The Summer of 1949: Fred Beckey, Pete Schoening and Jack Schwabland went into Idaho’s Sawtooth Range to finish “some business” with two peaks that had repulsed their climbing attempts the previous Summer. They also had a shopping list of other unclimbed peaks in the Sawtooths. Their “Idaho adventure” may well be the most exciting epic in Idaho’s climbing history.
Fred Beckey passed away at age 94 in 2017, after becoming a “living legend” in climbing circles as the man who had done the most first ascents and new routes in North America. Pete Schoening is most famous for saving 5 of his team-mates when they fell on K-2 during a 1953 expedition. Pete was also part of the group that made the first ascent of Gasherbrum I in 1958, the only 8,000 meter peak first climbed by Americans. Jack Schwabland was a highly respected climber who took part in many first ascents in the Northwest.
The only write-up I have been able to find of their Sawtooth adventures is an photo-less article by Jack Schwabland in the 1950 American Alpine Journal: “Sixth-Class Climbing in the Sawtooth Range.” To chronicle their “Big Sawtooth Adventure,” I will include extracts from that article along with my own photos and experiences on these peaks.
Their “shopping list” for the trip included: Fishhook Spire (i.e., El Pima) and Big Baron Spire (i.e., Old Smoothy) in the Baron Creek drainage, Red Finger (i.e., North Raker) in the South Fork Payette drainage and The Grand Aiguille in the Redfish Lake drainage.
Fred, Pete, and Jack entered the Sawtooths by boating across Redfish Lake, then hiking 5 steep miles to Alpine Lake, where they left their “base camp” with a reserve cache of food and equipment. Then, with somewhat less-heavy packs, they hiked north over a pass to Baron Lakes and their first objectives. This was the era of heavy war-surplus gear and canned food for climbing trips, so their original packs likely each weighed in the 70 pound range. In 1948, Fred and Jack had been part of a group that failed in attempts on both Fishhook Spire and Big Baron Spire. On this trip, they had bolt equipment and more gear. They planned on achieving first ascents of each.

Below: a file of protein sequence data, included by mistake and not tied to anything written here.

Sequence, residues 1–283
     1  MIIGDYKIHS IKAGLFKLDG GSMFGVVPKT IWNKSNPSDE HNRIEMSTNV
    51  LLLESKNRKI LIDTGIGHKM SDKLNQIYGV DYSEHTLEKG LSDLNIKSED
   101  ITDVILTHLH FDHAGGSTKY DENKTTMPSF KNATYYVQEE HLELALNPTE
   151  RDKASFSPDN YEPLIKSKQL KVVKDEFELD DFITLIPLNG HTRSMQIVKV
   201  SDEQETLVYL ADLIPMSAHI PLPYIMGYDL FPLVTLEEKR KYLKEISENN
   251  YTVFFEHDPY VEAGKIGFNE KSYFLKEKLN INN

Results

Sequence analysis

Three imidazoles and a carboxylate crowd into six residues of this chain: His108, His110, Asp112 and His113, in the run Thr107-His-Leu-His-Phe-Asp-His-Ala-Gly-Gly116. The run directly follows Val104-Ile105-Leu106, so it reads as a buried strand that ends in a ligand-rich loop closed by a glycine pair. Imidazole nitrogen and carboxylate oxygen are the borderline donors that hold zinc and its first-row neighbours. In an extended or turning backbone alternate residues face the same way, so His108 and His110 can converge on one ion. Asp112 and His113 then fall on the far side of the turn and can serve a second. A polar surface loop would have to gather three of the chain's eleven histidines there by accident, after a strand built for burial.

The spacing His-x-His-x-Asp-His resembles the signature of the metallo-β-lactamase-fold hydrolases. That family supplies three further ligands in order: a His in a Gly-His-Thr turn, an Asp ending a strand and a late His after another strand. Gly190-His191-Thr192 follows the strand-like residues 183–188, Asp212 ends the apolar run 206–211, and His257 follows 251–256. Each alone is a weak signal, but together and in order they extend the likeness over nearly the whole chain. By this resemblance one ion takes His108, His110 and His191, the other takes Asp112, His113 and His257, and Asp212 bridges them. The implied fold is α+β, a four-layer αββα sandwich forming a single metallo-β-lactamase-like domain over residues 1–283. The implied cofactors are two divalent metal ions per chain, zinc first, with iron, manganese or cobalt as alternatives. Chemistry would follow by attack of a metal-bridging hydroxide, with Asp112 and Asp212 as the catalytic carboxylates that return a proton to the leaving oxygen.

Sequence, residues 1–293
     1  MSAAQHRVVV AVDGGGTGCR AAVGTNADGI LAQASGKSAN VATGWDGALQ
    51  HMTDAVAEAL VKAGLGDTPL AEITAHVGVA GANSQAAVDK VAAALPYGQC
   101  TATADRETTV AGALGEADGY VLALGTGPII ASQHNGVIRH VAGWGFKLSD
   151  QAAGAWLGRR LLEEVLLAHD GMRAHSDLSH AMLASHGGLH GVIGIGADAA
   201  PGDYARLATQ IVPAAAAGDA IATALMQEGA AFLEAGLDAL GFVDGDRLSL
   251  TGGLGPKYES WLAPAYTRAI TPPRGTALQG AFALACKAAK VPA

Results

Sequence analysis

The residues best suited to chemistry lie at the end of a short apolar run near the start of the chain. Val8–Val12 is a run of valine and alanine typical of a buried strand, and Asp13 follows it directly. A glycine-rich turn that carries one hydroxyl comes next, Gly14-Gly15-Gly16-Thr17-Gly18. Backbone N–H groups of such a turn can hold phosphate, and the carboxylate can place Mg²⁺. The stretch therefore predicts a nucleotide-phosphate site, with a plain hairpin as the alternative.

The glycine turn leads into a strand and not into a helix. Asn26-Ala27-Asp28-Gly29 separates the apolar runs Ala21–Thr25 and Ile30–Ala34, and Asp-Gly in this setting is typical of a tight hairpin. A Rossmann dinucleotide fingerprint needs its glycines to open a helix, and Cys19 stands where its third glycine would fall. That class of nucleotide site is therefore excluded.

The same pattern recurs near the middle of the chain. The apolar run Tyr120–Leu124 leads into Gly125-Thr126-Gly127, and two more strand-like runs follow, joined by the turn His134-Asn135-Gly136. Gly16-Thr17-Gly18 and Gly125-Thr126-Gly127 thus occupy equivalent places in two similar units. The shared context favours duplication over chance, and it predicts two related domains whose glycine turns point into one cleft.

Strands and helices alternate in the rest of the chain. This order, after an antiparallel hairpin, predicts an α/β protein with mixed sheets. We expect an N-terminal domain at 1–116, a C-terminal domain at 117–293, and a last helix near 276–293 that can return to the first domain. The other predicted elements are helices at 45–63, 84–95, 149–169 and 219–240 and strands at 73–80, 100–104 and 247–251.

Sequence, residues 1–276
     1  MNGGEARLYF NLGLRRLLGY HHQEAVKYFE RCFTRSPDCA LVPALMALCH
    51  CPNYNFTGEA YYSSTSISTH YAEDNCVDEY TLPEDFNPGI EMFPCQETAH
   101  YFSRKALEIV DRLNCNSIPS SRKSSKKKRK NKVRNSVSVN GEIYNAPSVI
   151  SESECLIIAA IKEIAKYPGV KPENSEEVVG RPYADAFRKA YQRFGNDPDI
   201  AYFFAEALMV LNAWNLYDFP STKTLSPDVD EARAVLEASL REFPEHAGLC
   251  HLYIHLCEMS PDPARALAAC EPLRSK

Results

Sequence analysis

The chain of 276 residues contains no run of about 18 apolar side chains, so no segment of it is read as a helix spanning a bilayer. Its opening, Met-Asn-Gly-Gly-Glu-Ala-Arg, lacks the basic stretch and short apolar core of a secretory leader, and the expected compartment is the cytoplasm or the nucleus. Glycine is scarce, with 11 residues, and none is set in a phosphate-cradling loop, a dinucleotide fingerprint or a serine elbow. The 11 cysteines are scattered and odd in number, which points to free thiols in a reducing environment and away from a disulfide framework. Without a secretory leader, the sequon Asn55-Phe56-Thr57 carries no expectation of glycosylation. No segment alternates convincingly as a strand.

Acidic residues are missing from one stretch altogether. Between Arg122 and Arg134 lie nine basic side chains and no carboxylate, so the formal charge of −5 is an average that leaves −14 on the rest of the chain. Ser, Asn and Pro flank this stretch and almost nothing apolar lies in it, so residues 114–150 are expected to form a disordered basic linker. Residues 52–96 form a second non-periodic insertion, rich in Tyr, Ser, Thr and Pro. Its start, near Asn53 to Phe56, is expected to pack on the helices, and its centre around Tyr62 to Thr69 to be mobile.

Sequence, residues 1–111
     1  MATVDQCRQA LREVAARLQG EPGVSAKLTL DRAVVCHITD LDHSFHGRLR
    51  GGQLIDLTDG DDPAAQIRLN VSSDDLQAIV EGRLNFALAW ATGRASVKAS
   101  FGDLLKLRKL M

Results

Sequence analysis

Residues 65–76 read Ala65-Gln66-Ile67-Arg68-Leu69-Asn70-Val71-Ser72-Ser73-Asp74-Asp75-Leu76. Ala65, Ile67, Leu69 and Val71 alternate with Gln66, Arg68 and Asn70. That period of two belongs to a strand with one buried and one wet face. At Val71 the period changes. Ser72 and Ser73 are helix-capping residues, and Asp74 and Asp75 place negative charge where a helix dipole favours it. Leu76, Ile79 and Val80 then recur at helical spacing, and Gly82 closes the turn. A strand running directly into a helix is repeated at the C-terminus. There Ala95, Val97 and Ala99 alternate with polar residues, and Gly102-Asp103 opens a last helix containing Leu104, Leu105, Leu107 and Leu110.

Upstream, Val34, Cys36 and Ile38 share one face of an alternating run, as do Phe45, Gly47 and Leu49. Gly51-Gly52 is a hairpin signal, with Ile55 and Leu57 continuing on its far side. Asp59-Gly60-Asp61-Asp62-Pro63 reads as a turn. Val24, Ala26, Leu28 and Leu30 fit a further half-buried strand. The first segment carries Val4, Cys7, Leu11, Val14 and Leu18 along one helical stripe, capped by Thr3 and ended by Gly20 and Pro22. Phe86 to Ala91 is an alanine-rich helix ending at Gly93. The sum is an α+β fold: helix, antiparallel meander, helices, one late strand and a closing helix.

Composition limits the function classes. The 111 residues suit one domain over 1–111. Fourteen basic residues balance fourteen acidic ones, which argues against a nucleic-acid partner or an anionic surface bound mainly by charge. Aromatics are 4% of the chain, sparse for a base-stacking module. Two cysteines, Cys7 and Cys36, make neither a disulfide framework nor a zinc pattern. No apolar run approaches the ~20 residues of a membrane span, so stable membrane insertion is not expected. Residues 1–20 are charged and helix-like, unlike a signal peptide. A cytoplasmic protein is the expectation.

On the first day at Baron Lakes, they hiked up to Fishhook Spire’s East Face, donned tennis shoes and “wiggled up a series of steep dirt-filled chimneys to a tilted rock pile some hundred feet directly below the great overhang on the summit block.”
From there, they climbed a short jam crack and moved around to the North Side.
“Pete gave Fred a shoulder stand from the chockstone. Fred appeared to be stymied for a moment. It was the sort of pitch you almost wanted to try to climb free, but didn’t quite think you’d make. We decide to give the pitch the benefit of the doubt and resort to direct aid. Fred gingerly stepped on top of Pete’s outstretched hands and managed to drive a spoon piton at the limit of his reach. It was only partially in, but seemed solid enough for tension, so Fred went up on it until he could reach another crack. Two more very insecure pitons and he was able to hunch himself around onto a sloping ledge at the right from where the route became easy. Pete and I swung rapidly up on the rope to find Fred reclining on a large slab. A quick shoulder stand put us on the exposed summit.”
I climbed Fishhook Spire in 1971 with Harry Bowron by about the same route, although we knew nothing about the previous ascents. Toward the top, I gave Harry a shoulder stand, and later he made one aid move using a postage stamp sized piton called a RURP (realized ultimate reality piton). Our ascent was only the 3rd one since 1949.
Fred, Pete and Jack still had lots of time left in the day and decided to reconnoiter a route on Big Baron Spire. “We had no illusions about climbing it that day, but wanted to go as high as possible and find out what to expect.”
Every approach looked difficult, but they found some surprising lines of weakness that took them to the notch below the final ridge without roping up. Even above the notch, out on the West Face, they were able to scramble still higher before finally wanting ropes for safety. They then had some difficult climbing to the bottom of the 110 feet-high summit monolith.